Analysis Of Loveliest Of Trees By William Blake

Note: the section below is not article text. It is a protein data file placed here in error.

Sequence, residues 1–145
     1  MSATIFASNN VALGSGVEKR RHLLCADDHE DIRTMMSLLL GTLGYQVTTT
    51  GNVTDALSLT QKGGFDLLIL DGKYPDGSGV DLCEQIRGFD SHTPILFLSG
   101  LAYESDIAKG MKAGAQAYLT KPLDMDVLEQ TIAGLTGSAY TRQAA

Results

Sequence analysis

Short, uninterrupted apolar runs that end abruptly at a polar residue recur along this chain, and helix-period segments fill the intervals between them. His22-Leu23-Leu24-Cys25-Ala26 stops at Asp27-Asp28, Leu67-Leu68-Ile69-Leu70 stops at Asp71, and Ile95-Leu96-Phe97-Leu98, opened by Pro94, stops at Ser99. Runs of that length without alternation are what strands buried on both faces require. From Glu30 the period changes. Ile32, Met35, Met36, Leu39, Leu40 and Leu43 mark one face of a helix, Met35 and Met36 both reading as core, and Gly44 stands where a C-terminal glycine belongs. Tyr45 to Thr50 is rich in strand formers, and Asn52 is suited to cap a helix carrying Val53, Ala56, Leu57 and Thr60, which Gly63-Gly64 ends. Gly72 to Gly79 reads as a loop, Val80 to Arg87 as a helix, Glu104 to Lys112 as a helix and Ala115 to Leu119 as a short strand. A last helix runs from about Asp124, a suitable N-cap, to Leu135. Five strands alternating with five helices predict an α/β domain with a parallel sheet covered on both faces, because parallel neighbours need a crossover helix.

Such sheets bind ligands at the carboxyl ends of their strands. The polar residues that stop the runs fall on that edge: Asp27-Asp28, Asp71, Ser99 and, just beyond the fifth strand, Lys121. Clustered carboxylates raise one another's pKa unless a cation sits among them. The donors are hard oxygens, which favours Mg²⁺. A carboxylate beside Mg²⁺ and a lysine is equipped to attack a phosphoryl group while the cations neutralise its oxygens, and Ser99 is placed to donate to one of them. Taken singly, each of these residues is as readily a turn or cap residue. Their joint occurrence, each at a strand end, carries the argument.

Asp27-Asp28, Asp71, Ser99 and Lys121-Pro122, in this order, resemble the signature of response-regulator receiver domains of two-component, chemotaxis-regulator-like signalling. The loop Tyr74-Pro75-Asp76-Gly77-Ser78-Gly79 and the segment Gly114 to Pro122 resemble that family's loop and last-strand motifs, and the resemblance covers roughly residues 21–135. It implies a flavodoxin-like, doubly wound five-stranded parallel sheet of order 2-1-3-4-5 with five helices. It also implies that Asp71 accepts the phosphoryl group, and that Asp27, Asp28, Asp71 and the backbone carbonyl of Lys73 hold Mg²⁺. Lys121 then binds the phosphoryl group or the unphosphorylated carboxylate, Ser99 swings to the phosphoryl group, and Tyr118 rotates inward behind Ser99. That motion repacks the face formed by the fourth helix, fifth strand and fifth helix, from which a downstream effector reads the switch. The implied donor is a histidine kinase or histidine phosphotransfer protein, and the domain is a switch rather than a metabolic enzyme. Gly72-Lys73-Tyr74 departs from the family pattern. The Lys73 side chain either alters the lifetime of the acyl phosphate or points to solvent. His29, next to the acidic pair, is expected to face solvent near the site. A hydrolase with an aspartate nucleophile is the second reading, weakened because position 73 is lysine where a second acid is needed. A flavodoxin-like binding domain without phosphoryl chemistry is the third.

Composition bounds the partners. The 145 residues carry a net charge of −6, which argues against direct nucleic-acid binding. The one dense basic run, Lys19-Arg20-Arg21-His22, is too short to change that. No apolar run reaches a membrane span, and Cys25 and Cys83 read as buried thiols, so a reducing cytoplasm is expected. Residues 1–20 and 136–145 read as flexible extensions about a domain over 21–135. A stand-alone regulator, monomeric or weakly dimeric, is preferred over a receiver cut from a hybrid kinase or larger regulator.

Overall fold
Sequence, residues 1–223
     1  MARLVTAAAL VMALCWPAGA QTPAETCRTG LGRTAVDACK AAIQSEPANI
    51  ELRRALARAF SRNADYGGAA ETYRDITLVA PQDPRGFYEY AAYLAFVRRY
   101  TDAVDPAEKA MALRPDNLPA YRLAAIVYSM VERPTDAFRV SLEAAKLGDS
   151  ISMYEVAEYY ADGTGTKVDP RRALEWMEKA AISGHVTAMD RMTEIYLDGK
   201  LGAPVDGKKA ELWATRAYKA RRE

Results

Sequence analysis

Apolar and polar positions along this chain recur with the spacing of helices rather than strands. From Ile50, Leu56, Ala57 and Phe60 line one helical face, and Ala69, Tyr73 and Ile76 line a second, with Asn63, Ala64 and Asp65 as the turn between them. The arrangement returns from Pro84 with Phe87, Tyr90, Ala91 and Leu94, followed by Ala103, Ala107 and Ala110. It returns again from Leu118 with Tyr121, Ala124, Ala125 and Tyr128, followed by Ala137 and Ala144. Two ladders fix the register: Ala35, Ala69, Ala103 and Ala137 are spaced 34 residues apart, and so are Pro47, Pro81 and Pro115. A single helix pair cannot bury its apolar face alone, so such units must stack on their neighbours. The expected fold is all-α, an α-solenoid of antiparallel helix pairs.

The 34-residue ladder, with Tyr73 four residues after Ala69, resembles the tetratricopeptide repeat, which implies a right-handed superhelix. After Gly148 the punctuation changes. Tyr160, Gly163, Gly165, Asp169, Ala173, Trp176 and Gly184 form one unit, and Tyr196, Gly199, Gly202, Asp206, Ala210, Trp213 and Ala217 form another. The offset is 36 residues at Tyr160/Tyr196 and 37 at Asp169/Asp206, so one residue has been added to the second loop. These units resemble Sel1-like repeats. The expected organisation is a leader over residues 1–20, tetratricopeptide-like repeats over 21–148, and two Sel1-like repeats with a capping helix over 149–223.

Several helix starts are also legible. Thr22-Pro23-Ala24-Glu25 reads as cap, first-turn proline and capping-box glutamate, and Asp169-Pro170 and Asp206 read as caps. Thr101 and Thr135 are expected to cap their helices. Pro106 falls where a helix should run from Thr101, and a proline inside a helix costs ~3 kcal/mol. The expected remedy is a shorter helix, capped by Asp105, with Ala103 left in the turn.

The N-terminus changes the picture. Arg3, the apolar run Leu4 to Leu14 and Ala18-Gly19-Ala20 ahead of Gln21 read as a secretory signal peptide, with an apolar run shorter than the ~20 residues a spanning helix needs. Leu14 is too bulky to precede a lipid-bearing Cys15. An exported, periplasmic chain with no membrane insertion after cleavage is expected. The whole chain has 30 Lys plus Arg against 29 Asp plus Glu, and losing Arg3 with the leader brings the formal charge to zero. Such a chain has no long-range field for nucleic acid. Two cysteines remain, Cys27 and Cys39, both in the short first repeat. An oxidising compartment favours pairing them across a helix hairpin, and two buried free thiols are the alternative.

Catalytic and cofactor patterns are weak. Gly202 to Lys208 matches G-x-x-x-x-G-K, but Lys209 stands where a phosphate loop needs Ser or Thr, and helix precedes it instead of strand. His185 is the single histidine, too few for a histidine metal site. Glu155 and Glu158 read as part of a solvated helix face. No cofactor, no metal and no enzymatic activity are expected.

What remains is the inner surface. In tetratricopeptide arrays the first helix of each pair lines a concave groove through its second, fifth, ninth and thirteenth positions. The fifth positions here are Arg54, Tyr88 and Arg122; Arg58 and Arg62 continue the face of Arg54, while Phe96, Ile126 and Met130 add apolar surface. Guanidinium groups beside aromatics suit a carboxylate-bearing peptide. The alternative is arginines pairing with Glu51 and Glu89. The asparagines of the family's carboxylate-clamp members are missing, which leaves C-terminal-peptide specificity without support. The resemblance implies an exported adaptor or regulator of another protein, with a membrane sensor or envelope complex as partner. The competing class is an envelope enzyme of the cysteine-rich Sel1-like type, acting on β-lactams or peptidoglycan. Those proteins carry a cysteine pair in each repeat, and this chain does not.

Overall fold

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Intense, dark, cold, empty, merciless, those are just mere descriptions of him. “Him,” the atramentous shadow, the one who pursues individuals waiting for the perfect time to seize them away. His presence, even the mentioning of his name, is invariably menacing. He radiates despair to the individuals he inquires. He oversees age, personality, therefore he does not distinguish. He does not care. Does he feel lonely? What is his urgency to take individuals with him for the rest of eternity? This obsidious shadow known as death, roams night and day. He saunters without rest. A. E. Housman, Edwin Denby, and William Blake each have a different perspective towards death. Housman depicts death as an impatient being, Denby illustrates it as something that fights against us, while Blake interprets it through spiritual glasses. The themes in “Loveliest of Trees” by A. E. Housman, “I had heard it’s a fight” by Edwin Denby, and “The Lamb” by William Blake best reveals the author’s purpose about death. Moreover, the overall theme in “Loveliest of Trees” is that death is an impatient being who does not give individuals enough time to contemplate on the beauty of life. In the poem, the narrator compares other types of trees to the cherry tree. In fact, the narrator states that compared to other trees the cherry tree is the loveliest amongst all. The narrator mentions how at the age of 20 the cherry tree existence became known to him. According to the narrator’s calculations, and his

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